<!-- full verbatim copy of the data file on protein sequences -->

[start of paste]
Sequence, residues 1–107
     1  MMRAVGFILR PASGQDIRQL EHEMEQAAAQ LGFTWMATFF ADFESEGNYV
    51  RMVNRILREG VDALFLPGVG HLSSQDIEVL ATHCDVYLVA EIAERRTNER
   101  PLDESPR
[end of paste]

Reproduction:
Sequence, residues 1–107
     1  MMRAVGFILR PASGQDIRQL EHEMEQAAAQ LGFTWMATFF ADFESEGNYV
    51  RMVNRILREG VDALFLPGVG HLSSQDIEVL ATHCDVYLVA EIAERRTNER
   101  PLDESPR